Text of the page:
WORK AND CONSERVATIONWORK AND CONSERVATION
OF ENERGYOF ENERGY
AND ALWEN AGYAM
Work is the transfer of energy through motion. In
order for work to take place, a force must be exerted
through a distance. The amount of work done depends
on two things: the amount of force exerted and the
distance over which the force is applied. There are
two factors to keep in mind when deciding when work
is being done: something has to move and the motion
must be in the direction of the applied force. Work
can be calculated by using the following formula:
Work=force x distance
Work is done on the
books when they are
being lifted, but no
work is done on
them when they are
being held or
Work can be positive orWork can be positive or
• Man does positive work
Man does negative work
Gravity does positive work
when box lowers
Gravity does negative work
when box is raised
Work done by a constant ForceWork done by a constant Force
∆Ekin = Wnet
• W = F s = |F| |s| cos θ = Fs s
|F| : magnitude of force
|s| = s : magnitude of displacement
Fs = magnitude of force in
direction of displacement :
Fs = |F| cos θ
θ: angle between displacement and force
• Kinetic energy : Ekin= 1/2 m v2
• Work-Kinetic Energy Theorem:
Conservation of Mechanical EnergyConservation of Mechanical Energy
Total mechanical energy of an object remains constant
provided the net work done by non-conservative forces
Etot = Ekin + Epot = constant
Ekin,f+Epot,f = Ekin,0+Epot,0
Otherwise, in the presence of net work done by
non-conservative forces (e.g. friction):
Wnc = Ekin,f – Ekin,0 + Epot,f-Epot,i
Example ProblemExample Problem
Suppose the initial kinetic and potential energies of a system are 75J
and 250J respectively, and that the final kinetic and potential energies
of the same system are 300J and -25J respectively. How much work
was done on the system by non-conservative forces?
Work done by non-conservative forces equals the
difference between final and initial kinetic energies
plus the difference between the final and initial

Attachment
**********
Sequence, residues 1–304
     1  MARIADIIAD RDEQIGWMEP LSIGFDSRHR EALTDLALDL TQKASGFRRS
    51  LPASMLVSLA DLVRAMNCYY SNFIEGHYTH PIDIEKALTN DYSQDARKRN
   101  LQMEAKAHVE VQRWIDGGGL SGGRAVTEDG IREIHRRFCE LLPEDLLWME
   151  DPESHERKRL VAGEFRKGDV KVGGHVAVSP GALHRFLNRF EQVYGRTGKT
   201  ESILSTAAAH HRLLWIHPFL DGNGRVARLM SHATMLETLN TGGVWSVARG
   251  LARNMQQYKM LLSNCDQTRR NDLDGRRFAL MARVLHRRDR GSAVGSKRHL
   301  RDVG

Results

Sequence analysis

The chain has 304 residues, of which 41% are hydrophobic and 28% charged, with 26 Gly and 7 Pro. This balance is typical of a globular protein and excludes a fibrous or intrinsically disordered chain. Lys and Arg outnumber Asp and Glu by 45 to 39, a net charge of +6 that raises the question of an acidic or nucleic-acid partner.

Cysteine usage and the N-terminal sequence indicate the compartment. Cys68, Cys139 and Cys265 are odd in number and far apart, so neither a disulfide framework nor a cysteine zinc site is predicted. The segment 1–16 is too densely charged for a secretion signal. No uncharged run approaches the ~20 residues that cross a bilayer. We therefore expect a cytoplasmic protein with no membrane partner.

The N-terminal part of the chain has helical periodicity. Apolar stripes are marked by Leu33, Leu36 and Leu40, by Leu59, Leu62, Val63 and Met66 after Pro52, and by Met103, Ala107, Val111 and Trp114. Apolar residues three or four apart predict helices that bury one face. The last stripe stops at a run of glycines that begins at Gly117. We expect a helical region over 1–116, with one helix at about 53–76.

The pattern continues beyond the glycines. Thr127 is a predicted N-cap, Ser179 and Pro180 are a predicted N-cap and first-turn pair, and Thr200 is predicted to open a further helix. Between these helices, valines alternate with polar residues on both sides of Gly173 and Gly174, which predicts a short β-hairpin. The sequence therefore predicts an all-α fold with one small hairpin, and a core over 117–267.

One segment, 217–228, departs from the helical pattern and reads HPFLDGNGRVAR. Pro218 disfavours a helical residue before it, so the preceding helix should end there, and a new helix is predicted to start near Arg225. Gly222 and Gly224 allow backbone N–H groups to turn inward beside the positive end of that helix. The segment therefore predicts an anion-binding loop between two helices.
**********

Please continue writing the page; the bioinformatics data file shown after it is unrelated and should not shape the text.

gravitational potential energies.
W = (300-75) + ((-25) - 250) = 225 - 275 = -50J.
Samar HathoutSamar Hathout
Conservation of EnergyConservation of Energy
• Gravity, electrical, QCD…
• Friction, air resistance…
Non-conservative forces still conserve energy!
Energy just transfers to thermal energy
PEf + KEf = PEi + KEi
∆KE = −∆PE
A diver of mass m drops from
a board 10.0 m above the
water surface, as in the
Figure. Find his speed 5.00 m
above the water surface.
Neglect air resistance.
A skier slides down the frictionless slope as shown.
What is the skier’s speed at the bottom?
Three identical balls are
thrown from the top of a
building with the same initial
Ball 1 moves horizontally.
Ball 2 moves upward.
Ball 3 moves downward.
Neglecting air resistance,
which ball has the fastest
speed when it hits the ground?
A) Ball 1
B) Ball 2
C) Ball 3
D) All have the same speed.
Springs (Hooke’s Law)Springs (Hooke’s Law)
F = −kx
Potential Energy of SpringPotential Energy of Spring
b) To what height h does the block rise when moving up
A 0.50-kg block rests on a horizontal, frictionless
surface as in the figure; it is pressed against a light
spring having a spring constant of k = 800 N/m, with
an initial compression of 2.0 cm.
Average power is the average rate at which a net force
Pav = Wnet / t
SI unit: [P] = J/s = watt (W)
Or Pav = Fnet s /t = Fnet vav
A 1967 Corvette has a weight of 3020 lbs. The 427
cu-in engine was rated at 435 hp at 5400 rpm.
a) If the engine used all 435 hp at 100% efficiency
during acceleration, what speed would the car attain
after 6 seconds?
b) What is the average acceleration? (in “g”s)
a) 120 mph b) 0.91g
Consider the Corvette (w=3020 lbs) having constant
acceleration of a=0.91g
a) What is the power when v=10 mph?
b) What is the power output when v=100 mph?
a) 73.1 hp b) 732 hp
(in real world a is larger at low v)